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Friday 4 September 2009

True Courage

Grand Duke Ernst Ludwig - "Ernie" - of Hesse is, in my opinion, one of the overlooked heroes of history and, had he happened to be born on the winning side in the First World War, he would probably have been hailed as such. One interesting fact is that a man who is so frequently (thanks to the gossip of his first wife) described as effete proved to be so heroic during the German defeat and overthrow of the Kaiser and the monarchy.

Overshadowed in history, perhaps, by his sisters, the Tsarina Alexandra and Grand Duchess Elizabeth, Ernie was unsurprisingly a deeply sensitive soul. Not only must he have felt (as children take these things upon themselves) in some way responsible for the death of his little brother, Frittie, who died as a result of haemophilia after falling from a window while waving to Ernie, but then, for the death of his mother. While Ernie was recovering from diphtheria, his mother, distraught at his grief for the death of his little sister of the same illness, removed the mask she was wearing to keep her from contracting the infection, and kissed him to comfort him. As Disraeli told the British Parliament, it was literally a kiss of death. Poor Ernie, at only 10 years old, how he must have interpreted that!

When Ernie was in his early 20s his father died and he became Grand Duke of Hesse-and-By-Rhine. He was a very popular Grand Duke, and undoubtedly had inherited his mother's common touch, along with his father's love of the grand duchy. He was also, like so many members of his family, a gifted artist. Queen Victoria, feeling that he was incapable of managing the Grand Duchy alone, all but forced him to propose to his cousin, Victoria Melita ("Ducky") of Edinburgh and Saxe-Coburg. The main reason, as I see it (and, of course, who can tell what goes on in someone else's marriage?), for the failure of the marriage was that Ducky was already in love with another man, was too temperamental and flamboyant for the grand duchy, and Ernie may or may not have been more attracted at that age to men than his wife. The death of their daughter was yet another tragedy for Ernie. His marriage to his second wife, however, appears to have been very happy.

Where he really comes into his own, however, and shows his true spirit is during the war. When the rest of Europe was caught up in that manic euphoria of war, Ernie (taken from Charlotte Zeepvat's beautiful book, "Queen Victoria's Family") wrote, "It was a terrible time when men were fired by an excitement and enthusiasm one simply cannot imagine. Throughout the day and night, people sang patriotic songs at the tops of their voices...It was an indescribably feeling, to hear these young men's voices raised in song in the darkness, and to know they were all marching to death. Often it was unbearable."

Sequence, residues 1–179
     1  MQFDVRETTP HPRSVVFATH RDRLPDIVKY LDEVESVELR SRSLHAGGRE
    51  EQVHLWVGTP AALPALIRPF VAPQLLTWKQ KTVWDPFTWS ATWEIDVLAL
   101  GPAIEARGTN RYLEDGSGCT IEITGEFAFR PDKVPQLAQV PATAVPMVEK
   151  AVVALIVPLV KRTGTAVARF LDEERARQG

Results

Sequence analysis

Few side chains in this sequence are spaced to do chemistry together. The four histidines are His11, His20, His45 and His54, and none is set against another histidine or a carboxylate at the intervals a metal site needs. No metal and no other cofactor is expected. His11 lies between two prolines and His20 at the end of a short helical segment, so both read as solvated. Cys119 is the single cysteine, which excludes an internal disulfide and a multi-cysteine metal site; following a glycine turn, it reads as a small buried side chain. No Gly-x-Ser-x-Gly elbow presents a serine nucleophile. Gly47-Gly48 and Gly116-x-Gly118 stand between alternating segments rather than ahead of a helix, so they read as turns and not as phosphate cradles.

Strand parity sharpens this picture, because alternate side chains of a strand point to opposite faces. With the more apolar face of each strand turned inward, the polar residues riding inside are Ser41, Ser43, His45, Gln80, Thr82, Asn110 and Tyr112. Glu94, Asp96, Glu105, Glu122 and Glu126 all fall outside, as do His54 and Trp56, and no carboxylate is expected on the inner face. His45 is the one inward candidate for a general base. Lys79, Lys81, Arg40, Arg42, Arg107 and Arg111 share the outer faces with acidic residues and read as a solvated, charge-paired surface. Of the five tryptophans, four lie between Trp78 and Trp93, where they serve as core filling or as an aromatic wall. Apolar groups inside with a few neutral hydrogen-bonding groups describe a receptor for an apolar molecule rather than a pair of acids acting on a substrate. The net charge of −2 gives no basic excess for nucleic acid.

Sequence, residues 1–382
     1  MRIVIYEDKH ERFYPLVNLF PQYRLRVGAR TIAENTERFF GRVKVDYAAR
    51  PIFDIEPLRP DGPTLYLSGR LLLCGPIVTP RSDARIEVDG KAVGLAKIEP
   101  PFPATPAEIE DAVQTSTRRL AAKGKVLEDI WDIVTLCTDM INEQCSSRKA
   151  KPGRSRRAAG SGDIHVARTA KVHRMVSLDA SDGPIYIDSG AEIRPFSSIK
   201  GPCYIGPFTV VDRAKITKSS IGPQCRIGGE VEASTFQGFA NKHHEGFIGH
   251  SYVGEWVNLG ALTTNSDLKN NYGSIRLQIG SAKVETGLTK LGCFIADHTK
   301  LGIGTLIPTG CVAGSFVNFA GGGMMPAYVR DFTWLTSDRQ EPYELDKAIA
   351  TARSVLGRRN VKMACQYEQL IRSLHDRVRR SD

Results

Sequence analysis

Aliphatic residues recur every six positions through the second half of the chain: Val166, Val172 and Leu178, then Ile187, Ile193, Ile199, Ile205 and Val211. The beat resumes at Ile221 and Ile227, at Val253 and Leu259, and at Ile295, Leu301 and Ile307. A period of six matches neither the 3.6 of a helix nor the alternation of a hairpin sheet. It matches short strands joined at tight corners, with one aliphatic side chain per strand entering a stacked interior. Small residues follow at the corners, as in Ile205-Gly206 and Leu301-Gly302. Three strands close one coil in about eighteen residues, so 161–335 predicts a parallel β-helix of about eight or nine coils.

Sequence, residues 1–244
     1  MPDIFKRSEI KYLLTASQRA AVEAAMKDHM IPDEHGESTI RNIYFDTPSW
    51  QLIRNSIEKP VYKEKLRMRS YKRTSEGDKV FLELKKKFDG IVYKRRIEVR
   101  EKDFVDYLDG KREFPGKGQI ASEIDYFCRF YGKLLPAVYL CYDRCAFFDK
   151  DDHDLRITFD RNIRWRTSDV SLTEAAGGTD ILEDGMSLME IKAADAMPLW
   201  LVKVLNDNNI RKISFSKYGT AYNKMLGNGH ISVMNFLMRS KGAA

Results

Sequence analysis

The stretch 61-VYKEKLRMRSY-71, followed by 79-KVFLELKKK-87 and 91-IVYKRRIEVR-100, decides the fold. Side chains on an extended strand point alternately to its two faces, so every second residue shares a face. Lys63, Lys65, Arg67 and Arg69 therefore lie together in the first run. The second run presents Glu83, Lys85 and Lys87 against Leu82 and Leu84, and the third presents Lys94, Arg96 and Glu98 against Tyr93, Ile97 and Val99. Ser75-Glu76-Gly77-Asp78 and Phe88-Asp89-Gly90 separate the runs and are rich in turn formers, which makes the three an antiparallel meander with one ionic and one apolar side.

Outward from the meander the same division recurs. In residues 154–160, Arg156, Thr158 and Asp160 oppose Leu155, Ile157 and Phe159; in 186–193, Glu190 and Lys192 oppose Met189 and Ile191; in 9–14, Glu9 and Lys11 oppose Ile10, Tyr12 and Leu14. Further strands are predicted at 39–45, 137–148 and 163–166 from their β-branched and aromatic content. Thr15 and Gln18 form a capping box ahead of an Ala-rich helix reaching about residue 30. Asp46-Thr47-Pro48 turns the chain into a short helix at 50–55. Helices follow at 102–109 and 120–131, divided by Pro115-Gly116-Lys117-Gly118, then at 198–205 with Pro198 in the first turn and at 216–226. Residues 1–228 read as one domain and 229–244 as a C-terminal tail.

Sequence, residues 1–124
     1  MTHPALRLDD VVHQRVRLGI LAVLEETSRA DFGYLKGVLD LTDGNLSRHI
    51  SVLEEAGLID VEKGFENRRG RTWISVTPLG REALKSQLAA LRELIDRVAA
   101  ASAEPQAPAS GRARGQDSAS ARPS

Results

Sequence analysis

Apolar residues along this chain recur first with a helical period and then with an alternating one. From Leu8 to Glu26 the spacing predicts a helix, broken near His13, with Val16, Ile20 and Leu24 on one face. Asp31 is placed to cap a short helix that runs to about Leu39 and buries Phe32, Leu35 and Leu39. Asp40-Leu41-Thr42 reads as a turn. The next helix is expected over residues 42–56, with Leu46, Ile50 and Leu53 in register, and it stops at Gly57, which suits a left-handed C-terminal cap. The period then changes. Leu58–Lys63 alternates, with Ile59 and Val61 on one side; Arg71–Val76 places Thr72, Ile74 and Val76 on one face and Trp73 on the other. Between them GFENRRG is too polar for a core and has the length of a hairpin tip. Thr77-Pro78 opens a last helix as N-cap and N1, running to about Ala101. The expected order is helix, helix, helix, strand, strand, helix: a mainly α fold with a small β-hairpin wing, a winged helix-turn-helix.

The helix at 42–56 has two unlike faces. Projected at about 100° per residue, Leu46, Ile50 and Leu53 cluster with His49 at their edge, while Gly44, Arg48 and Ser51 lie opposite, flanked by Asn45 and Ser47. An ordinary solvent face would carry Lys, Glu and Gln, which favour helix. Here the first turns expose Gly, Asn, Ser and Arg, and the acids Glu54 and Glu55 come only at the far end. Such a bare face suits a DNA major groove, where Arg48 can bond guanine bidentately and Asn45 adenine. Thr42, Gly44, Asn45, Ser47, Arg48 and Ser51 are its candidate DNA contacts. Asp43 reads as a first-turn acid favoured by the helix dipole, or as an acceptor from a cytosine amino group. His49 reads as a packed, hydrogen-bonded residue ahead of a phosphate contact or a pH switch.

He was not a brainless thug, obviously! And yet, when revolution came and the Kaiser fled to Holland, and the Kaiser's brother, Henry, commander of the Navy, had to tie red flags to his car to escape from Germany, brave Ernie sat in Darmstadt and waited for the revolutionaries to arrive. He didn't flinch or flee as the others did. He remained calm and greeted them as fellow Hessians. So touched were the revolutionary soldiers by his courage, that he was allowed to keep his estates....Who was the most courageous? The ones who strutted in a macho manner and spoke of the glories of war, or the one who sat there calmly at the end, having seen what the outcome would inevitably be?

A life utterly blighted by tragedy (the death of his little brother and sister, his mother, his daughter...the murder of two of his sisters and 4 of his nieces and his nephew....(and very soon after his own death in 1937, the Hessian tragedy reached a dramatic and tragic conclusion in a terrible plane crash....but that's another story). I deeply admire this man.


Christina said...

I do apologise for not having seen your comment sooner, and still more for my failure to understand Russian (which I am struggling to learn).
Surely you understand English and whatever you have written, thank you! Thank you for taking the time to write and for reading my post!

Emma said...

I'm absolutely fascinated by Ernie and thought it was strange that I couldn't find a biography or his published memoirs. Do you know if they have been published, or if they still exist? I keep seeing sources quoting his memoirs and I'd love to read them in their entirety.